Is Perfectionism Categorical or Dimensional? A Taxometric Analysis
Considerable debate exists within the perfectionism literature regarding whether perfectionism is most accurately conceptualized as a dimensional or categorical construct. Specifically, some researchers have viewed perfectionism as a continuous construct, with extreme scores being associated with negative psychological outcomes (e.g., obsessive-compulsive disorder, eating disorders, etc.). In contrast, others have argued that two distinct forms of perfectionism exist (i.e., adaptive vs. maladaptive perfectionism) that are associated with both positive and negative outcomes. The purpose of this study was to examine the latent structure of perfectionism using taxometric procedures to determine whether perfectionism is most accurately conceptualized as taxonic (categorical) or dimensional (continuous). We applied four taxometric procedures (maximum eigenvalue [Waller & Meehl, 1998], maximum covariance [Meehl & Yonce, 1996], mean above minus below a cut [Meehl & Yonce. 1994], and latent-mode factor analysis [Waller & Meehl, 1998]) to perfectionism data collected from 2 large nonclinical samples. Results provided convergent evidence for a dimensional conceptualization of perfectionism across samples, perfectionism measures, and statistical procedures. We discuss the implications of these findings for the theory, assessment, and investigation of perfectionism are discussed.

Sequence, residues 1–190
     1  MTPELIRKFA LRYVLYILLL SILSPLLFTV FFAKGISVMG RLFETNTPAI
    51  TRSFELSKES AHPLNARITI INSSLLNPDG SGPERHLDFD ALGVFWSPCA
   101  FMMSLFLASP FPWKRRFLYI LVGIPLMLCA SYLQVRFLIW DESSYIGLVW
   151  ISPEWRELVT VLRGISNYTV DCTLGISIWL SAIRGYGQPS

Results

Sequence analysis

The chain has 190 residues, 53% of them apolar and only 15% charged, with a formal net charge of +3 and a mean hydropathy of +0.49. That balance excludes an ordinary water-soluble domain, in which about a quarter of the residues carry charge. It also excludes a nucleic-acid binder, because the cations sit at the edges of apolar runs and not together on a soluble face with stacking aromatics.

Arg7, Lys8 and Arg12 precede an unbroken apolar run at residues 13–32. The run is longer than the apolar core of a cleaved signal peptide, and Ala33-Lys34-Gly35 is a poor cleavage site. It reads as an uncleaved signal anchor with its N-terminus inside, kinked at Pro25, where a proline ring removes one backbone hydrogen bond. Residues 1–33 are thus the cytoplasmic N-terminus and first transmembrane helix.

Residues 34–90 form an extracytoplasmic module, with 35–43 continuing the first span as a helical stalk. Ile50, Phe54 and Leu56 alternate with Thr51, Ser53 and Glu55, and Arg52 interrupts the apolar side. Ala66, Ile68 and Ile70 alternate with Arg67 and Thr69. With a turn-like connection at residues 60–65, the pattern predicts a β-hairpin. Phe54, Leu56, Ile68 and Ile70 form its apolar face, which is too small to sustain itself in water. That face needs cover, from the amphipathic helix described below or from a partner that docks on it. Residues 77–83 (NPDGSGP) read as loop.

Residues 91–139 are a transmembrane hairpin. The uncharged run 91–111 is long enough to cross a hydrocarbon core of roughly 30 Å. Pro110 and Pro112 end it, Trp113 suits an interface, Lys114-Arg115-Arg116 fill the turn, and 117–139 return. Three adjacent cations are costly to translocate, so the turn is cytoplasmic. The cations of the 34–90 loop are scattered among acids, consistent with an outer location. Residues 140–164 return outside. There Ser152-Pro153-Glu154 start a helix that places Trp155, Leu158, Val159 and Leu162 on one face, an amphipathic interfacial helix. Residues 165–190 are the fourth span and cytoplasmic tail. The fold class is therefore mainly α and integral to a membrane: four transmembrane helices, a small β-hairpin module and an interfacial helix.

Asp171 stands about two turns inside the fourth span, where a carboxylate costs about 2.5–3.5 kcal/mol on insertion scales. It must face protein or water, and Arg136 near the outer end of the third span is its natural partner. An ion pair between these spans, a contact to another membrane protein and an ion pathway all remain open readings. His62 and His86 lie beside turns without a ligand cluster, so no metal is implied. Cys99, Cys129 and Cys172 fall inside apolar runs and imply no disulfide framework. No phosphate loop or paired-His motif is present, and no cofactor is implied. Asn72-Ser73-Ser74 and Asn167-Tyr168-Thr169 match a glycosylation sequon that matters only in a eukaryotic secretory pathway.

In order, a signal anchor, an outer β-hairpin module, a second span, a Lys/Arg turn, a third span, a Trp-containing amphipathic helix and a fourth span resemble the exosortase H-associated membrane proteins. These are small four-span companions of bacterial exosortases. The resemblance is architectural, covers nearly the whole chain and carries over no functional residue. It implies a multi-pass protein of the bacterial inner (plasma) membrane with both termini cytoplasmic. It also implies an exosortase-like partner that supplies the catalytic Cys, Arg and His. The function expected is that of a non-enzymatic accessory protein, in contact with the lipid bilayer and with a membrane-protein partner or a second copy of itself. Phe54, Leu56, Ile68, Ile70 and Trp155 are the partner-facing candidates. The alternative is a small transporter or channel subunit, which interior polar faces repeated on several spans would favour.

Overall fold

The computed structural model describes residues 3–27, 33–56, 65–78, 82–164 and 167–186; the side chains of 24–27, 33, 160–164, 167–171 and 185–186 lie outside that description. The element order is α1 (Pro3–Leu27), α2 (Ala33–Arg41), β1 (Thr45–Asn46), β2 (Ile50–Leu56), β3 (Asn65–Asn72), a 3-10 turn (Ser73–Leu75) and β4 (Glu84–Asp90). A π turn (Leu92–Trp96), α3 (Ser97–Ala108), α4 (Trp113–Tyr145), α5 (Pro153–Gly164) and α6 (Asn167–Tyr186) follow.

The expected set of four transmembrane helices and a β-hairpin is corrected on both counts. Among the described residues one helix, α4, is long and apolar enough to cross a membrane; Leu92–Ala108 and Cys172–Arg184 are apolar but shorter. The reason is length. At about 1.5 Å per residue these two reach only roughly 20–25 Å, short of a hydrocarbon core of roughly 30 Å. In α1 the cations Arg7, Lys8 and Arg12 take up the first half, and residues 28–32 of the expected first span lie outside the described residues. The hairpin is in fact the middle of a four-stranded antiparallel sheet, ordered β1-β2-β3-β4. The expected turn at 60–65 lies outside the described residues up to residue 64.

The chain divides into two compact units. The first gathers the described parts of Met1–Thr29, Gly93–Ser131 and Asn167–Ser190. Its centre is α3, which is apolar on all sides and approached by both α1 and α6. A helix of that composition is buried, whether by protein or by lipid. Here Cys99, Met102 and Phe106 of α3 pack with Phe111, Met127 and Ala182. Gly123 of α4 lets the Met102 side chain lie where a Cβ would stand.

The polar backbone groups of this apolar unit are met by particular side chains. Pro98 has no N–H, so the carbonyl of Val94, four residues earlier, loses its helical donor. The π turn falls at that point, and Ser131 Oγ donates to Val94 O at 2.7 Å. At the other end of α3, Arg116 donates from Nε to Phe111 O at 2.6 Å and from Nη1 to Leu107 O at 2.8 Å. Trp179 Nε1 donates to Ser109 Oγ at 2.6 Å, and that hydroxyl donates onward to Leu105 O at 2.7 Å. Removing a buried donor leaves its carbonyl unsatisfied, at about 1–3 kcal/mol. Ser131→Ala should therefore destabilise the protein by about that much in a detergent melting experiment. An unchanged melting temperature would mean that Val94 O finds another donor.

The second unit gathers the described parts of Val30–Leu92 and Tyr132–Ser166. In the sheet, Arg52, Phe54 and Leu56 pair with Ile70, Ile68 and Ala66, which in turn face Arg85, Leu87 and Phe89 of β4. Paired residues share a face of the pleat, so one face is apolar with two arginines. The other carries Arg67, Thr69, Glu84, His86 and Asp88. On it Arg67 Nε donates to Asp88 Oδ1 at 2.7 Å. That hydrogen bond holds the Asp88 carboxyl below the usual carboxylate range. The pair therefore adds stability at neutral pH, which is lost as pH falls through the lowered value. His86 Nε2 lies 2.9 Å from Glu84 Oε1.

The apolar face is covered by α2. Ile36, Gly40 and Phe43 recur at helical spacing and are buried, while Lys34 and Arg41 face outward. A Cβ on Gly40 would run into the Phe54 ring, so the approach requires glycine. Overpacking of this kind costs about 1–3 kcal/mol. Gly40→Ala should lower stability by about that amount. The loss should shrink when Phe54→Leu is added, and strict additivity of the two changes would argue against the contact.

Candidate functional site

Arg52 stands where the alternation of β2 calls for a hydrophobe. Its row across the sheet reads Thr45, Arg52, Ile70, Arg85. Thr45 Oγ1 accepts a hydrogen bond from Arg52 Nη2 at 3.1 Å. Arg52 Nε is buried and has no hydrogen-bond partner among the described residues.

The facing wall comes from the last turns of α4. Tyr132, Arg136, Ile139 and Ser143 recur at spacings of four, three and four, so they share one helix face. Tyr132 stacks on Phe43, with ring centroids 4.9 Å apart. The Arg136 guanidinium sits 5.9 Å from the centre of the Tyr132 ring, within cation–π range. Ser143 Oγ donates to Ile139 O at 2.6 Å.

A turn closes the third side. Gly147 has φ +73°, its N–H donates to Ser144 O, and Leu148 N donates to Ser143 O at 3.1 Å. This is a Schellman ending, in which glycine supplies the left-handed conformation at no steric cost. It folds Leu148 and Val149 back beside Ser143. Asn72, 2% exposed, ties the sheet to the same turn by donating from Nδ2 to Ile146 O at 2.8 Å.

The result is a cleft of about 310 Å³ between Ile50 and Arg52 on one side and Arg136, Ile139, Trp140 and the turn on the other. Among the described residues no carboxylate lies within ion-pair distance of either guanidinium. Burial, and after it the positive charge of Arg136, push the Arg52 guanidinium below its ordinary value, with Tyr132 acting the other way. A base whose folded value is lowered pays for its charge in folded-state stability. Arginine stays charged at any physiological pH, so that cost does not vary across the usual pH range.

Journal of Personality Assessment
Broman-Fulks, J. J.,
Hill, R. W.,
Green, B. A.
(2008). Is Perfectionism Categorical or Dimensional? A Taxometric Analysis. Journal of Personality Assessment, 90(5), 481-490.
Available at: https://aquila.usm.edu/fac_pubs/1547